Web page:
Thinking about it a bit differently, does intelligence measured through aptitude tests always correlate with success? Certainly, we all know world-class athletic or musical talent when we see it in another person, don’t we?
If you’re the inquisitive type like we are, you’ve thought about these questions more than once. It is the old “nature vs. nurture” discussion made even more interesting as we learn more from science about how our brains function, and how skills are developed. Hot best-selling books like Dan Coyle’s “The Talent Code,” and Malcom Gladwell’s “Outliers” offer even more interesting clues.
It isn’t uncommon for endurance athletes to wonder about talent. When we show up at the local group workout or race, it is hard to avoid comparing ourselves to others and wondering just how much talent we have and what our limits truly are.
Are you one of those who was “fast and strong” from the get-go, OR is it taking more time for you to develop and reach your goals than you would really like it to?
What does it REALLY take to develop a high level of skill, proficiency, and ultimately speed?
What are the true limits of our own potential? Is that potential limited by our innate talent or are our limits, truly “limitless,” IF we are willing to work harder and longer? How much does stick-to-it-iveness and relentless drive determine our ultimate success? How good can we really be?
In today’s podcast, we discuss all of those questions and more, including:
- Different forms of talent; what is nature vs. nurture and its impact on your own growth and development as an athlete.
- What the latest scientific research says about whether you must be “born with it,” or whether you can develop it.
- What is the single biggest talent-related factor that prevents most people from realizing their true potential?
- What is deliberate practice and how might it impact your own talent and development?
- How YOU might be able to develop your own talent to explode your true potential!
- And more!
Thanks for joining us on today’s podcast. We hope you’ll share your reaction after listening to our discussion. Let us know what you think. Happy Trails!
~Coach Al and Dr. Strecker[divider style=”8″]
Addendum from Coach Al: I have a strong personal belief that MOST people give up too soon, or become complacent at the first sign of a plateau in their quest to improve, and achieve. And I think that “giving up” is sometimes due to boredom and much of the time, might simply be due to the idea that we’ve reached some level of acceptable skill and then “settle” at that point.
I think writer Mikhail Klassen, said it best in his own take on where talent comes from:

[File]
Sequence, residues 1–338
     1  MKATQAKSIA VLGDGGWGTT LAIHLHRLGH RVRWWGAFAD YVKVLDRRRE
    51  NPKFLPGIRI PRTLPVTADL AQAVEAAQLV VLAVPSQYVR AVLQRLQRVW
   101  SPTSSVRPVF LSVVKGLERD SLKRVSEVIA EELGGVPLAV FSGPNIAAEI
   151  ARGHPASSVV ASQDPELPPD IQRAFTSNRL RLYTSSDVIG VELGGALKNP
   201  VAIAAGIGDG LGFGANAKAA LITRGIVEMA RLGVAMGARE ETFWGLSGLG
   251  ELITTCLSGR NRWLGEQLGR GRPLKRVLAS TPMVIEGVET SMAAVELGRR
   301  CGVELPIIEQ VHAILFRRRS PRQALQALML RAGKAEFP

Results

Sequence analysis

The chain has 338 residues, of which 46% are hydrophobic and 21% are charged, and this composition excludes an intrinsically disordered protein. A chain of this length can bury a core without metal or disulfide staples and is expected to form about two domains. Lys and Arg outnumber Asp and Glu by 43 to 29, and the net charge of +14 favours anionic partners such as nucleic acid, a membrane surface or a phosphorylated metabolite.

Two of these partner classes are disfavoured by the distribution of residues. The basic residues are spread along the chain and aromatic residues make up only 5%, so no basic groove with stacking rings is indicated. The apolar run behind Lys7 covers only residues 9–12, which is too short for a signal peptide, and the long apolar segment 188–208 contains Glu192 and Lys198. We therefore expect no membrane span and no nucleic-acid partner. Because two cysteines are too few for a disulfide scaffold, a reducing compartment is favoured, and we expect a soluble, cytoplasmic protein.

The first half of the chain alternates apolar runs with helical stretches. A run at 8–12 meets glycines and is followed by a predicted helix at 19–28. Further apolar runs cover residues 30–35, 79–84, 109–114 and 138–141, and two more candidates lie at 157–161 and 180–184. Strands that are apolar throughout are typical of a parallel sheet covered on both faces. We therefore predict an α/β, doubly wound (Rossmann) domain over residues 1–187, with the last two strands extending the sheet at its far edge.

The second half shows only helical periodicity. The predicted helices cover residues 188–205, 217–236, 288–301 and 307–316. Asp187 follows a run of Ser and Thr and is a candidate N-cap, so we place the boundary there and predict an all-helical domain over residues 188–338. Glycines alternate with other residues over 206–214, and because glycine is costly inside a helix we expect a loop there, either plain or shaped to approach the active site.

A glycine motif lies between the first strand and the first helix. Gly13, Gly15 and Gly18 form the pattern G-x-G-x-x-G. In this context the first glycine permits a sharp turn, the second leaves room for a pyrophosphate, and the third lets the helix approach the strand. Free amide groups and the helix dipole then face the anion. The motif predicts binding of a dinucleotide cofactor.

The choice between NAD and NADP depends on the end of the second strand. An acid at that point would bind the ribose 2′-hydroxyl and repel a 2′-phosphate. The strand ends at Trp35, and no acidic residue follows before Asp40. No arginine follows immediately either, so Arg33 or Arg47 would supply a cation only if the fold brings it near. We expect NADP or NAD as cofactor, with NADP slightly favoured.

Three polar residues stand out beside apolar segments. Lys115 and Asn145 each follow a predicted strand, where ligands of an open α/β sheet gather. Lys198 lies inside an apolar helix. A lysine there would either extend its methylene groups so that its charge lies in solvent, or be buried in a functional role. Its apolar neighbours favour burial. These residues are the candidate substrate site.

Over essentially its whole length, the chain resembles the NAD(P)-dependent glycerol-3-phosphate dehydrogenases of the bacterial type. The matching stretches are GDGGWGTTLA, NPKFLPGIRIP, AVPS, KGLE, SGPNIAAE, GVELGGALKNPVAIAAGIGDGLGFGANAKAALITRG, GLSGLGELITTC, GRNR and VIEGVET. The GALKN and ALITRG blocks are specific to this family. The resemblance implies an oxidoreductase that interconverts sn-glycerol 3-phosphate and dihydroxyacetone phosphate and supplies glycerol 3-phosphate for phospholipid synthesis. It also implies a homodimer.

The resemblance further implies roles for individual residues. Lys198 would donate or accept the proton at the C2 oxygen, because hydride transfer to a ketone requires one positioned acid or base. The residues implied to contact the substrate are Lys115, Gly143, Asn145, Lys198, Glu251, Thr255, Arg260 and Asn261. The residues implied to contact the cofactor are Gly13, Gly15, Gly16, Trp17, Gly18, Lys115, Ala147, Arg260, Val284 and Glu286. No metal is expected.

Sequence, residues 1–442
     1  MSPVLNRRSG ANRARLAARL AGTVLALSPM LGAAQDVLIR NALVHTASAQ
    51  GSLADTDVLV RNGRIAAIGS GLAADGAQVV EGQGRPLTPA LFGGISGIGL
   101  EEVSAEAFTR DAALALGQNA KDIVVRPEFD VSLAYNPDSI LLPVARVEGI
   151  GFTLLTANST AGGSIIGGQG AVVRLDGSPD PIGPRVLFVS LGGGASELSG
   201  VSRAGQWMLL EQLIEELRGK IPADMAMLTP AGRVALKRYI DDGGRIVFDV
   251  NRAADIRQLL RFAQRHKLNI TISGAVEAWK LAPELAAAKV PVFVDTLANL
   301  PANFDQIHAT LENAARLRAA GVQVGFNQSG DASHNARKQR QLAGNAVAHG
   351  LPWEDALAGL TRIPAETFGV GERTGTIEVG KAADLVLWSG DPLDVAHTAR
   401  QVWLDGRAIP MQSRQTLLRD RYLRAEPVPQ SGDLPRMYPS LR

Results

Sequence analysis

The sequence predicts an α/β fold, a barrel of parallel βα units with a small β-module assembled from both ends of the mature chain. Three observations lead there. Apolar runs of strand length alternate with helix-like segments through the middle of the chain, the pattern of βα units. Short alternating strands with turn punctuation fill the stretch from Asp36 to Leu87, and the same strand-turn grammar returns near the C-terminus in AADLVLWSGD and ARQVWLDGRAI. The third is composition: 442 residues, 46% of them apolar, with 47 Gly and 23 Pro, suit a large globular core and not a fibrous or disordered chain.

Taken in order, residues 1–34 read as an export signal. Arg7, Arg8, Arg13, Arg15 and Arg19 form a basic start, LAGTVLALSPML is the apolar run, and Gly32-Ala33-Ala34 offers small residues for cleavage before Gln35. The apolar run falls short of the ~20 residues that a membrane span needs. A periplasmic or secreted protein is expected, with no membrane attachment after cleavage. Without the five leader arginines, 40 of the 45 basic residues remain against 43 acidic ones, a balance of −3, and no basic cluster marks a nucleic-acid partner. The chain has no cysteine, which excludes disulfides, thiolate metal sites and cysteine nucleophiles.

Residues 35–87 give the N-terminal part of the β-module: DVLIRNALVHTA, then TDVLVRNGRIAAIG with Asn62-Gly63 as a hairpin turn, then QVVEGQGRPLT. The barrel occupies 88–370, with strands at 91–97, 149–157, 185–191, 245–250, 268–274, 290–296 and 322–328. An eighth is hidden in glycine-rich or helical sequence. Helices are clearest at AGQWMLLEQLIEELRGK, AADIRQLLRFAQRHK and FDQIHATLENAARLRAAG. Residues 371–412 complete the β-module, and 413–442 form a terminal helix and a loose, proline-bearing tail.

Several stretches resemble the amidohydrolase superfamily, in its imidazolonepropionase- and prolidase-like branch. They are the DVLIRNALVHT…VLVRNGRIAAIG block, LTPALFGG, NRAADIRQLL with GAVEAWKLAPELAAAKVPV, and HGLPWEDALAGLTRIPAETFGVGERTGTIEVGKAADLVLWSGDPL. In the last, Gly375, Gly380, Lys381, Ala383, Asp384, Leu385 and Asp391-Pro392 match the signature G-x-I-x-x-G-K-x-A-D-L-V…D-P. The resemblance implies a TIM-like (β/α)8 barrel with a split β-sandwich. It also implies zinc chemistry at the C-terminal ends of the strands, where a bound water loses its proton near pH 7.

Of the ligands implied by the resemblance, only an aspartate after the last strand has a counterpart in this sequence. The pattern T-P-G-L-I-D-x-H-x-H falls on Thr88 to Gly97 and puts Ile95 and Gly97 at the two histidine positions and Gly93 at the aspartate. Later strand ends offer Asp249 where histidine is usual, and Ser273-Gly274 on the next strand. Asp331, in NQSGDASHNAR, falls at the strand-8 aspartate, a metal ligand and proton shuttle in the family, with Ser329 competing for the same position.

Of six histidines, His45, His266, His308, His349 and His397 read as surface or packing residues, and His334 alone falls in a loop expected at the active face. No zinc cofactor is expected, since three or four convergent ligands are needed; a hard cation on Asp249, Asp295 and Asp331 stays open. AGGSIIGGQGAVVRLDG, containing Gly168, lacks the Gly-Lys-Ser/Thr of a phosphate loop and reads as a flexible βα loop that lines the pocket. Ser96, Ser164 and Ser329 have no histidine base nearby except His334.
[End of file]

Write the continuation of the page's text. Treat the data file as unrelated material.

“Suppose you wanted to learn how to play the piano. You know that practice is involved. You might practice for a little bit each day, getting better and better. Your initial progress will start to plateau, however, after you’ve reached a modest degree of skill. At this point, you have to make a choice: either continue to “practice” each day, playing the same pieces over and over again, polishing things up a little here and there, doing the same exercises that you’ve already mastered…
…you can begin deliberate practice. You were probably already doing deliberate practice right when you started. Learning new pieces was hard! Learning difficult scales was boring. Getting the mood and dynamics of a piece right took time. You stopped doing these things once you got reasonably good at them. You stopped practising deliberately.”
More: In a research paper published in 2009 by K. Anders Ericsson et al, in describing deliberate practice, they say (and I concur):
“In contrast to play, deliberate practice is a highly structured activity, the explicit goal of which is to improve performance. Specific tasks are invented to overcome weaknesses, and performance is carefully monitored to provide cues for ways to improve it further.”
Note the emphasis on “tasks being invented to overcome weaknesses,” or that performance is “carefully monitored.”
These are facets which were an important part of my own development as a musician AND as an athlete and coach. And they are a integral part of our philosophy and mission here at Pursuit Athletic Performance.
My personal “take home” message for all of you who truly want to be the best you can?
- Never stop learning!
- Avoid gathering more “information” (especially from internet experts or frauds), but instead, work with true experts who can give you the objective feedback you need, and help you avoid needless trial and error.
- Never give in or give up, especially when it gets particularly hard! When you’re bored, or feel you’ve done “enough,” that’s just the time to dig in deeper and keep at it.
- Keep tweaking, keep challenging, keep reviewing and assessing. Look for ways to blast plateaus and progress to the next level!
- Surround yourself with like-minded friends and training partners.
- Be creative and develop ways to keep the fire burning! Motivation and inspiration, in part, comes from digging deeper and learning more. Keep the fire alive!
- Believe it’s possible, and then do the work that will continually reinforce the belief!